But the signs of a healthy relationship don’t stop there. According to clinical psychologist Alice Boyes, here are other aspects of a relationship that also highlight its strength.
- You can describe the most important people in your partner’s life.
- You value your partner’s ideas.
- You and your partner have a playful relationship.
- When you’re not together, you think about each other.
- You see your partner more positively than they view themselves.
- You can name a few of your partner’s favorite books.
- You can recall something you did together that was new and difficult.
- You know what embarrasses your partner the most.
- You rarely curse at your partner or dismiss their feelings.
- If you have a child together, you can name some of the positive qualities you see in your partner in them.
- You often show appreciation and admiration for one another.
Do you struggle with healthy relationships?
Try not to feel defeated if your relationship doesn’t check all the boxes for characteristics of a healthy relationship. Relationships — even healthy ones — take tons of work and mutual commitment. For those who constantly struggle to maintain healthy relationships, there may be some underlying issues within:
- Are you distrustful? Distrustful people believe all the good ones are taken and that anyone you end up with will only hurt you.
- Are you a people pleaser? People with this pattern will surpass expectations as a way to earn and keep someone’s love.
- Are you avoidant? Sometimes people with a painful past — or those who witness others in pain — opt to keep partners and a safe distance.
- Are you always worried? Some anxious people live with a constant sense of dread that their partner will reject or leave them.
- Are you back-and-forth? This person lacks balance and consistency. With some partners, they are needy and attached, but they act emotionally distant from other partners.
Here are a few other issues to look out for within your relationship:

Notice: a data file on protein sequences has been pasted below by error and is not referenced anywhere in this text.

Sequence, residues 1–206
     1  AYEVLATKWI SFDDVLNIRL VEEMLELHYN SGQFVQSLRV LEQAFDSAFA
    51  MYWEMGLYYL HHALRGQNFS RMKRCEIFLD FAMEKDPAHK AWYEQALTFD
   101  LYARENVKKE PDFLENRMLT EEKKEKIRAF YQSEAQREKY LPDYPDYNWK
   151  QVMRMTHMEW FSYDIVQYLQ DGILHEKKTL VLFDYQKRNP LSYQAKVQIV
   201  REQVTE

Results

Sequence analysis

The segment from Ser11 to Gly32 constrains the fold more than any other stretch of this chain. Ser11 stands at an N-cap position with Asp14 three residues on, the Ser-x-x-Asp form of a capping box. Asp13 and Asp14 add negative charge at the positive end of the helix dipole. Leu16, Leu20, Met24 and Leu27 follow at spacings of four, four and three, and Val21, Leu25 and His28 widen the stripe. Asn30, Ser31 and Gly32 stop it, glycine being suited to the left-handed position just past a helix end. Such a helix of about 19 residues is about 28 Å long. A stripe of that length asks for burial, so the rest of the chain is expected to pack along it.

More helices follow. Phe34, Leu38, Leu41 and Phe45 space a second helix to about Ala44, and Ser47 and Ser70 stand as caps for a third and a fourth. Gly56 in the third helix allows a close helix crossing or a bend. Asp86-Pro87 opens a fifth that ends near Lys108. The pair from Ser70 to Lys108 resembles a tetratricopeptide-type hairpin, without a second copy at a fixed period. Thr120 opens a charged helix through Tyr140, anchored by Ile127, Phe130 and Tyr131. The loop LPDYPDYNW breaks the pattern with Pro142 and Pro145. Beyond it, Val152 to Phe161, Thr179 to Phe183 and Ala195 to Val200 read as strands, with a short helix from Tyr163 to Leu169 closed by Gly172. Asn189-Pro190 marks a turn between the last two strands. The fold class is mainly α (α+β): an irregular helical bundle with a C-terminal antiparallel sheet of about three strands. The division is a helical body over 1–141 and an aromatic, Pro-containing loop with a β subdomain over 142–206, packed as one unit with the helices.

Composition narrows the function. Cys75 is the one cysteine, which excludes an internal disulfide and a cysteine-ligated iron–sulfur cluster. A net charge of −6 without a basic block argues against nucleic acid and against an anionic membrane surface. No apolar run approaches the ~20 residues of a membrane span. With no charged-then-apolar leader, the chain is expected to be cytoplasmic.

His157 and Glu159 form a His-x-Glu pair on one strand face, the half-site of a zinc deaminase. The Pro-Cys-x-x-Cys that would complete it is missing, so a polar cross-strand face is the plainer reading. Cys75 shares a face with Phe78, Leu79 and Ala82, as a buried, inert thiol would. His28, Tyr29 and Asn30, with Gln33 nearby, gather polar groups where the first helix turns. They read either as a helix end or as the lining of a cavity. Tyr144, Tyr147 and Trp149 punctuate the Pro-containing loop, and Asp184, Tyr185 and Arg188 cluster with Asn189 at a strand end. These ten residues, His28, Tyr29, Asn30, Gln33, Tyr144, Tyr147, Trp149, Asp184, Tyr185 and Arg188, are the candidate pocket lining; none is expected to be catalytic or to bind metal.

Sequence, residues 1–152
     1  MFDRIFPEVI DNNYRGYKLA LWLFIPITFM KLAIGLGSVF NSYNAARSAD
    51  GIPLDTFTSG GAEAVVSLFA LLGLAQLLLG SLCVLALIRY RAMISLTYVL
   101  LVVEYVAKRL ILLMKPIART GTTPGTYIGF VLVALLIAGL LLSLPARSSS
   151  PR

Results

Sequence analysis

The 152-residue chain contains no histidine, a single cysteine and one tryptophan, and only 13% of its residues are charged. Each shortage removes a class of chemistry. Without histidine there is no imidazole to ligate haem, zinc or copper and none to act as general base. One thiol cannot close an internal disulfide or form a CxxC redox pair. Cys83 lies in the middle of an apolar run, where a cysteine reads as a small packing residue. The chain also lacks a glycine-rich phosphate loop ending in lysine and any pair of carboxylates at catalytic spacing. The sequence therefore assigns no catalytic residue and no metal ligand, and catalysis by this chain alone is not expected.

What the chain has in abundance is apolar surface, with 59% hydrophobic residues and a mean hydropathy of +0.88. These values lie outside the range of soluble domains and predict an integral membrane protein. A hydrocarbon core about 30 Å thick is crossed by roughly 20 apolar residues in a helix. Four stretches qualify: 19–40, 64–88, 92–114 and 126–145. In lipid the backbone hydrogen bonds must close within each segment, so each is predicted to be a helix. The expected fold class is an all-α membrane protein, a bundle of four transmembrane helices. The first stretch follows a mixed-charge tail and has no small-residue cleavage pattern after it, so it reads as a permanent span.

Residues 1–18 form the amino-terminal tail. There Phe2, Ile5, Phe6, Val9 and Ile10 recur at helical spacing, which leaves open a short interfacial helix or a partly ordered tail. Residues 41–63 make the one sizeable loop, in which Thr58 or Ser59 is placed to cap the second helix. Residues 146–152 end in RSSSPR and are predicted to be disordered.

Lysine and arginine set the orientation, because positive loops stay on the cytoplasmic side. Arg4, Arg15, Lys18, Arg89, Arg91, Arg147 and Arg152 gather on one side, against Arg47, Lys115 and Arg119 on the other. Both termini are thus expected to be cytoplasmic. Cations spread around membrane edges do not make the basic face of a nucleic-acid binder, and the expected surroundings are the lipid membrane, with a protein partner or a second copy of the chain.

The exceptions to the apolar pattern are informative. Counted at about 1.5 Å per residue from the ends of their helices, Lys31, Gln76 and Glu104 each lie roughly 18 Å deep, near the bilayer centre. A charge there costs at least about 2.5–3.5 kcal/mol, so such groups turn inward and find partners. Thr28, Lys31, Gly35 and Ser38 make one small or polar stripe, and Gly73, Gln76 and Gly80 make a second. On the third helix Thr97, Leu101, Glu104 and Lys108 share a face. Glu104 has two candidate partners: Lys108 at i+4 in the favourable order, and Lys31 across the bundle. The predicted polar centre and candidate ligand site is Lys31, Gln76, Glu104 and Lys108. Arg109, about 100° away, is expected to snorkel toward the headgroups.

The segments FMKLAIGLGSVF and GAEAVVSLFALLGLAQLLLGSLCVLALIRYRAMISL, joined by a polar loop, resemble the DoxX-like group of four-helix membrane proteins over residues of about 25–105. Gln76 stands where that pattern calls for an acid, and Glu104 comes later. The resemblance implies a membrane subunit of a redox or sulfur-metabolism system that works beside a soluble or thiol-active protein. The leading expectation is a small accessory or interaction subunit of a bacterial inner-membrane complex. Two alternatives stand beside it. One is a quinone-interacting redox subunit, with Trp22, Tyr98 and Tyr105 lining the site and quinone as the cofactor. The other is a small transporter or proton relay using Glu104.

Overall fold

- Do you or your partner try to change each other?
- Does your relationship feel unbalanced, or like one person has more control?
- Does your partner respect your boundaries?
- Does your partner say mean or hurtful things to you?
- Do you feel like your voice is heard in your relationship?
- Are you afraid to express yourself to your partner?
Sherry Gaba, LCSW, tells Psychology Today, “It can be difficult to see yourself in these patterns, or you may see yourself in more than one. The key point to remember is any of these patterns of attachment can change if you are willing to acknowledge the issue and work towards a healthier pattern of thinking and behaving.”
Avoid reading online checklists of unhealthy or toxic relationships. “Checklists of unhealthy or abusive relationships risk making things worse by developing victim-identity, which will undermine all present and future relationships and most likely impair performance at work,” says Dr. Steven Stosny for Psychology Today. You may start to look for signs that aren’t there and amplify what you do find. Negative checklists offer little help on how to improve the relationship and often make you feel worse.
As you assess your closest relationship with the above information, remember that you and your partner have a combination of needs and motivations unique to only you two. Honor who you are as individuals and a couple, approach conflict with mutual respect, and put the work in to continue to grow together.